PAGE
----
• 5 fake sounds designed to help humans Humans Invent blog (20 June 2011) - covers the car door 'clunk', the 'vroom' noise of electric enginers (which are otherwise almost silent), extra sounds added in to a mix, such as crowd sounds fed through stadium speakers, 'comfort noise' to radios broadcasting a minute's silence and a debate on whether or not the whirr of a cashpoint accurately reflects any real-time money-counting procedure.
    • Pings and buzzers on buses and trains, might also include spoken instructions over tannoys and the GPS bus location info ("341... to.... Chancery Lane.... this is... Angel"), as well as the ping to let people know that the bus is going to stop at the next stop (it also tells people that there's no need to press the buzzer temselves)
    • The alarm sound that Tower Bridge makes when it's about to open or close
    • The sound that larger vehicles make when reversing - this can be sonic (beeps) but some also have verbal warning ("whoop whoop whoop, this vehicle is reversing")
    • The alarm call that is fitted to all London buses that makes a high-pitched sound and then says "this vehicle is under attack, dial 999" - these ask passersby to take action
    • Emergency and police vehicles driven under blue light conditions with sirens on - these say get out of the way
    • Office telephones that distinguish between internal and external calls
    • The 'ping' that train doors make to indicate that it is now possible to open them (also matched with a flashing light on the button used to open them), similarly elevators often ping on opening and give verbal instructions 'the lift is on its way' or 'floor 3, ladies coats and handbags'. Not sure that this really counts as urban but aircraft also have a 'you may now unbuckle your seatbelt' that has an accompanying ping. It's so recognisable I can hear it in my head.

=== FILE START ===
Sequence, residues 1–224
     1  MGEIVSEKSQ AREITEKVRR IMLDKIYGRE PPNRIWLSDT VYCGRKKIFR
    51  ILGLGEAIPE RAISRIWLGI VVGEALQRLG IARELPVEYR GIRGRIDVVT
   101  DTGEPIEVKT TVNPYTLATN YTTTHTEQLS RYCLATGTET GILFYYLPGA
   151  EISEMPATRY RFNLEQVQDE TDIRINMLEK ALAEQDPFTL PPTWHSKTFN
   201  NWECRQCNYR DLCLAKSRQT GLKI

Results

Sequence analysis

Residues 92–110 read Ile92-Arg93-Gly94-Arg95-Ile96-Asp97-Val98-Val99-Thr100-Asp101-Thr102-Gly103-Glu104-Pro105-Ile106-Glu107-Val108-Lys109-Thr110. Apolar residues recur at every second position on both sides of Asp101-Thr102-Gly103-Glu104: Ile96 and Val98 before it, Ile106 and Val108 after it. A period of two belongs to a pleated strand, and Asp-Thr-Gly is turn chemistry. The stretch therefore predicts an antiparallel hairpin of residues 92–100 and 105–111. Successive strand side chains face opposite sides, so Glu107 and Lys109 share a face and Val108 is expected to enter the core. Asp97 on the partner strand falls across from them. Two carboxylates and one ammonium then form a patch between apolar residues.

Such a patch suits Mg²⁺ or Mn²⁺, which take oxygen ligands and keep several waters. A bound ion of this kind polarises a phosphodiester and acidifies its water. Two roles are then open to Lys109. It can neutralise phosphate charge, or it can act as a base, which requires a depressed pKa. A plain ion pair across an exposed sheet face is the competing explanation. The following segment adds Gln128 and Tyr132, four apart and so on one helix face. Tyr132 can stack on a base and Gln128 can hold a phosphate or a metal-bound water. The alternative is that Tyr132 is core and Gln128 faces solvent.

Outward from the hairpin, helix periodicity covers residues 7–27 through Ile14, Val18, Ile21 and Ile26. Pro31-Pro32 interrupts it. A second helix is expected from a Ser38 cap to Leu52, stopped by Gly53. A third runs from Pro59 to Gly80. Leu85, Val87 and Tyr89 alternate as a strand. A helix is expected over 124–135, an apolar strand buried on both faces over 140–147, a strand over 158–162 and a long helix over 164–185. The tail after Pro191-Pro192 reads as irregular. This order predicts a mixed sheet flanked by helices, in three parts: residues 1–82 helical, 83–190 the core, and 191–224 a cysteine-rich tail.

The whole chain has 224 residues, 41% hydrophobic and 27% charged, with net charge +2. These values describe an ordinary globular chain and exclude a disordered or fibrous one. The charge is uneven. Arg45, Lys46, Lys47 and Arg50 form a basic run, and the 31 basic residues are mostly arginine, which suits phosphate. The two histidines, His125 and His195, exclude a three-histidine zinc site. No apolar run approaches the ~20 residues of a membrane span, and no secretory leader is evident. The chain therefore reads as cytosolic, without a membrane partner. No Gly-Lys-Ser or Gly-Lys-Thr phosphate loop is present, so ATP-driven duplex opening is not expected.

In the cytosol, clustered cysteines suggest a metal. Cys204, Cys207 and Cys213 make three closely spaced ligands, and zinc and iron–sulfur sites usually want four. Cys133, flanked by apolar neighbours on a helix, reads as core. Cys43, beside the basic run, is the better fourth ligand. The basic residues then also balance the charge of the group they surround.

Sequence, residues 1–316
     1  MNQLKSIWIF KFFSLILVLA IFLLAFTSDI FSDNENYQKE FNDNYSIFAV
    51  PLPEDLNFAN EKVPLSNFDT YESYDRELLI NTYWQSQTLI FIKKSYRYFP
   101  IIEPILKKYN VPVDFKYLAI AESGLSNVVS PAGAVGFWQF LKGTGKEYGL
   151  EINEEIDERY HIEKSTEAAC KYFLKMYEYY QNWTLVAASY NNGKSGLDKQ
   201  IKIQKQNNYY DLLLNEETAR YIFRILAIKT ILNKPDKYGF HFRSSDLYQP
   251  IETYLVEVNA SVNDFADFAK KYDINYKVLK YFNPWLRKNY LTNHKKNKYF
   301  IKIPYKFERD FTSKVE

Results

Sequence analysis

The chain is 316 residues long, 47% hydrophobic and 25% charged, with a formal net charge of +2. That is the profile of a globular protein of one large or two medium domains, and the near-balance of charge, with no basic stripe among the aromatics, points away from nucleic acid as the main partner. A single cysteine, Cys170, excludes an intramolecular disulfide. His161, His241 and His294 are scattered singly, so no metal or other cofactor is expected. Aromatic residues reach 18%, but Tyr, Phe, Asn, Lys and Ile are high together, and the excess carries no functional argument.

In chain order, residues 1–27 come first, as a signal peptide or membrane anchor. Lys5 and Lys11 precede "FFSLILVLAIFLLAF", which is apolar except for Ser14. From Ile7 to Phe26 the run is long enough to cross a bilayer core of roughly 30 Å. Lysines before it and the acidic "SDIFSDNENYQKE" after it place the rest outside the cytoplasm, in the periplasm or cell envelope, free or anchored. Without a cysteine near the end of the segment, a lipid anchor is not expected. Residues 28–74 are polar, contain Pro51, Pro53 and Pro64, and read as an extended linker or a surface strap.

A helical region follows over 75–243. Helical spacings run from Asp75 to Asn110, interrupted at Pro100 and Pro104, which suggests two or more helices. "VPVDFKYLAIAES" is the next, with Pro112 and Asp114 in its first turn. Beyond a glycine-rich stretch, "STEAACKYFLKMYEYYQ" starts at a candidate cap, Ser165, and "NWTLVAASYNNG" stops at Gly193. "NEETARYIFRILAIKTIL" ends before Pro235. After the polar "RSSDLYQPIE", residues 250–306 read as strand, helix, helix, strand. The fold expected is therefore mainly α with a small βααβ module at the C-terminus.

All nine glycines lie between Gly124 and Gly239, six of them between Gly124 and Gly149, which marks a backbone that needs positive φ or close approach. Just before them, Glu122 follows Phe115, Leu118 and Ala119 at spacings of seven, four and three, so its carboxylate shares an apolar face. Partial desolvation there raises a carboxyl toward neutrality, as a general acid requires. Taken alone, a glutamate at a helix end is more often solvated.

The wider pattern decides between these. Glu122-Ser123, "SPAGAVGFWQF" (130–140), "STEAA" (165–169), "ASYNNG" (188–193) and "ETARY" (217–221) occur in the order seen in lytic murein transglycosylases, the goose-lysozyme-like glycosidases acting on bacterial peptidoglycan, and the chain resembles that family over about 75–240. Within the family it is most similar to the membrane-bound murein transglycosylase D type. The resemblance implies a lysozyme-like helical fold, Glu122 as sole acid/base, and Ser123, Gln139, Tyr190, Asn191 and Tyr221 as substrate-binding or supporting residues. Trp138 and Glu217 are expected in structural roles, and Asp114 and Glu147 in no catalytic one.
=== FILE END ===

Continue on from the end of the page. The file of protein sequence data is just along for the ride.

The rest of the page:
• Oyster reader units (the bits you touch in / out) make a single pitched beep when an Oyster card is successfully read and there's enough money on it. I don't have an Oyster card but I do have a card with a chip in it that the readers don't recognise. This results in a lower-pitched 'annoyed tone' of two beeps (the error message is '77'). This YouTube video explains how to use Oyster card and also has examples of the two different beeps.

      This is more for the next section but in googling Oyster card beeps to see if there was much info about the different kinds and what they mean I discovered something I'd spotted but forgotten - a child's card also makes multiple (assume 2) beeps. Someone's noticed it though and created a Facebook page with the title "If her Oyster card beeps more than once she's too young for you bro". Lovely ;)
    • Air raid siren - very evocative. Most people living in Britain would recognise this even if they weren't alive when they were used to indicate danger - we've all seen the films and understand their meaning. Nowadays we might not know what to do if we hear one in real life - is it a surprise fleet of enemy aircraft or just testing the flood warning?
  • Communication
    • Horn-honking from lorry drivers, sometimes used to show solidarity when a lot of lorry drivers are campaigning or annoyed about something, obviously cars use them to say 'get out of the way' and the Thames Clipper ferry captains use them to acknowledge other vessels. Cyclists also have bells or horns.
    • That three note rising tone that indicates to on-board train staff that it's time for them to go and collect rubbish or distribute beverages - I don't know which trains it's in use on but when I mentioned it today a few other people were familiar with it. I only found out what it was when I happened to be sitting in part of a train that had the on-board staff sitting behind me and every time the sound went off they'd leap up to go and do stuff. Previously I'd not spotted the causality because I was sitting somewhere else in the train and so the sound wasn't temporally linked to any obvious event.